Out of town landlord, Use a property manager or not?

8 Replies

Hi All,

This may seem like a strange question but at the moment I am a renter not an investor so maybe it will make sense.

I'm likely to rent a property from an out of town landlord. He offered to forgo a property management company if we can work out an arrangement and he would reduce the rent by about 10% (whatever the property managers rate would be). Is this a good idea? What pitfalls should I or my future landlord be aware of with this kind of arrangement?

Thanks,

Danny

Danny, 

If you feel you can openly talk to your landlord to deal with any issues, then I would say yes benefits you both. If your uncomfortable speaking up and asking for repairs, then I would say no.

Well I am not sure why someone out of town would want to forgo a property manager if they are willing to discount the rent by the same amount, but that wasn't your question. For you as the renter you would just want to be sure they are still able to have issues that come up in a timely manner. If something breaks and needs to get fixed are they able to coordinate someone to come fix it and have access to the property? Is the owner easy to get in contact with on the phone or is he unavailable during the day while he is working or at night when he is sleeping? I imagine something going wrong with the house would be the biggest issue you would have to worry about.

For the owner his concerns will be the condition of the property and if you are trashing it or not. Since he is not local he can't just drive by and look at it. Also if he is out of state he may not be knowledgeable about local landlord tenant laws and can easily find himself in violation of these if he is unaware of some of the rules. There are a lot of other things that could also become an issue for the out of town owner, but I don't want to get too carried aware with this post.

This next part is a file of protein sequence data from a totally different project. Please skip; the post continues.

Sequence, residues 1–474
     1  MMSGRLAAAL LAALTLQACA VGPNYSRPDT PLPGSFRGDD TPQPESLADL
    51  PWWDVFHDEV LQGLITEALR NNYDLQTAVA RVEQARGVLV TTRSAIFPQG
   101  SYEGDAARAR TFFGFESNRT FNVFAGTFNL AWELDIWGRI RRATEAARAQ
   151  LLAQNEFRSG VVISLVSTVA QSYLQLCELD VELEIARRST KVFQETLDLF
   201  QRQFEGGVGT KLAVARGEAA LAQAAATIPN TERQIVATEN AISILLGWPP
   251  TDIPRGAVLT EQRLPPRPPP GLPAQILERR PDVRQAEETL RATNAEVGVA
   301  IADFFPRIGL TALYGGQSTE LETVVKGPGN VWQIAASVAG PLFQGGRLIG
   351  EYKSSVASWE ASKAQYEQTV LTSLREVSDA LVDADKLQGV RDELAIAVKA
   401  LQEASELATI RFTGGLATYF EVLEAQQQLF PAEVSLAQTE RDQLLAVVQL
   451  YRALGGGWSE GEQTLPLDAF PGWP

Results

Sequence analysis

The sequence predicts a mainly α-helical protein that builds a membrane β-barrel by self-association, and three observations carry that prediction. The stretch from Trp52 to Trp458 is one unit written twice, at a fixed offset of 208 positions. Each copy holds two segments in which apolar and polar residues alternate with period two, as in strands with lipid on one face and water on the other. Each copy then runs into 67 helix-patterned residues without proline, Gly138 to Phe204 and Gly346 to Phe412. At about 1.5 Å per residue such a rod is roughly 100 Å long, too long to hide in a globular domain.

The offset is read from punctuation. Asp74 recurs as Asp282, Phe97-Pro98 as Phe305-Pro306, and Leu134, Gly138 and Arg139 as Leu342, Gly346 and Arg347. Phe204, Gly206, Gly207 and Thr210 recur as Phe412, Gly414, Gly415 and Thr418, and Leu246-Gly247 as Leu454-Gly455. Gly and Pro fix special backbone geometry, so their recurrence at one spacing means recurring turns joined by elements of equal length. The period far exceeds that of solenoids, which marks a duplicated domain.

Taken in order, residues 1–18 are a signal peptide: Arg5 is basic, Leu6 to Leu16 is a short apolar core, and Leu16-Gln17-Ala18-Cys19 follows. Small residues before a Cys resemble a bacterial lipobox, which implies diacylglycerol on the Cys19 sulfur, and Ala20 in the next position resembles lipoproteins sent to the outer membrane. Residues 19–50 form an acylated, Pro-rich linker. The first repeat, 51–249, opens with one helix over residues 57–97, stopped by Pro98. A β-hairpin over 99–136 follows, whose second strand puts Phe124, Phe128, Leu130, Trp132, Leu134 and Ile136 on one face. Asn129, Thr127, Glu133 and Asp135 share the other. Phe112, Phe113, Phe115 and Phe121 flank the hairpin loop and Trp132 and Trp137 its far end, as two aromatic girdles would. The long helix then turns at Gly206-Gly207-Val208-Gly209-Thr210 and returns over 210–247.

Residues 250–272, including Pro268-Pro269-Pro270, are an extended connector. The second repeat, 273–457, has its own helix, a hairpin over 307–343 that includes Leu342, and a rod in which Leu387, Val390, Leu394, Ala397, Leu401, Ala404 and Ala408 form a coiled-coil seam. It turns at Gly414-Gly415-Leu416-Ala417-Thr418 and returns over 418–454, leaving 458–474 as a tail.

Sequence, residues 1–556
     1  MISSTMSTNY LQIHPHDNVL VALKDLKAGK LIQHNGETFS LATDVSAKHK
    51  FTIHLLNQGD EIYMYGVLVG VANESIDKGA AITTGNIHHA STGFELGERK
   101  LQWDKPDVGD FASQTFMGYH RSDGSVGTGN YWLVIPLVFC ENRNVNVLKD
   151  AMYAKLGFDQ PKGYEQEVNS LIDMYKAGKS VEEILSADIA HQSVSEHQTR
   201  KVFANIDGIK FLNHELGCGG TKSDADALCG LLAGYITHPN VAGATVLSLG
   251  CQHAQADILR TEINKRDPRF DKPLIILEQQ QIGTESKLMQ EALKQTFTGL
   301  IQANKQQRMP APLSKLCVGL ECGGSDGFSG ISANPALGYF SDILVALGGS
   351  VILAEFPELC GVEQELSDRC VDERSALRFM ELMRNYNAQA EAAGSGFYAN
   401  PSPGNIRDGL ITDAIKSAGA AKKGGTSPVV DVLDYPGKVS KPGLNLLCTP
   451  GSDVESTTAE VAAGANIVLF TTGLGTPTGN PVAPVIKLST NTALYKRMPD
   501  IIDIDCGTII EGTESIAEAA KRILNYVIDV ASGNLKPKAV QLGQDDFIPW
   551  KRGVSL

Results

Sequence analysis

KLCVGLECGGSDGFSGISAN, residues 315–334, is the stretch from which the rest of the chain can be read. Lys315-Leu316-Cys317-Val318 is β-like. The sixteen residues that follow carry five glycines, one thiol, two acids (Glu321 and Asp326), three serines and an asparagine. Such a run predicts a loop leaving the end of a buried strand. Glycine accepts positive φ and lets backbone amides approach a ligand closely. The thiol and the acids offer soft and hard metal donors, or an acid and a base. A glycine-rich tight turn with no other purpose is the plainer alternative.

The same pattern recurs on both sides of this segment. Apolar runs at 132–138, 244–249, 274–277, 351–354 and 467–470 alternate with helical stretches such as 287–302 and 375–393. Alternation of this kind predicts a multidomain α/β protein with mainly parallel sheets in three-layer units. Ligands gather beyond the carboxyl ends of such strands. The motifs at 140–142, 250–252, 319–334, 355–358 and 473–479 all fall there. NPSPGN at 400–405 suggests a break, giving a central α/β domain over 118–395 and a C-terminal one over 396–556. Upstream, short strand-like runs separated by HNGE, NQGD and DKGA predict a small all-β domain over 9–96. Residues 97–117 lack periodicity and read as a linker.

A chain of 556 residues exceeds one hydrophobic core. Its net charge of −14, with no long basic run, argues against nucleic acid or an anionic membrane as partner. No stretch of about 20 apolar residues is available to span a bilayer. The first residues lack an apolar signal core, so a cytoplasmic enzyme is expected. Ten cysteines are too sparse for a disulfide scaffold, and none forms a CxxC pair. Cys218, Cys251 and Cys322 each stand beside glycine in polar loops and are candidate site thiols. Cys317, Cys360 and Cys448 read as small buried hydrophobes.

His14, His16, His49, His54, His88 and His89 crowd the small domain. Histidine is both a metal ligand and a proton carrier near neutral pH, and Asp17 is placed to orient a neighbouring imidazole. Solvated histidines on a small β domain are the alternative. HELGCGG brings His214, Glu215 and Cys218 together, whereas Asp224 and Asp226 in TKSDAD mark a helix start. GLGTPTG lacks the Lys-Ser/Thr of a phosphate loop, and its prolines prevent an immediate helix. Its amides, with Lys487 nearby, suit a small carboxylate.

If you are okay being there whenever repairs or maintenance are scheduled or emergencies pop up, it can work out fine.  If you are one of those who is never home or wants to call in a problem then come home from work and have it fixed, that won't really work with an out of town owner.  I manage one of out town right now where the tenant is fine as she is always home taking care of her grandchild, anyway.  I have great systems in place -- plumber, electrician, etc., that I can call and know they'll handle it, and I have family in the area in case of emergencies.  She's been there for years and it works well so far.  I have a property manager for the ones farther away where I don't have the same back-up plan available.

Is this a single family home with you as the only tenant? If it's any kind of multi-family property, and you're going to collect rent from other people, you will probably need a real estate license.

If it's just a matter of you living in a SFR home and communicating with the landlord about any issues that develop, then it's probably a win/win for both of you.

Thanks all for your responses.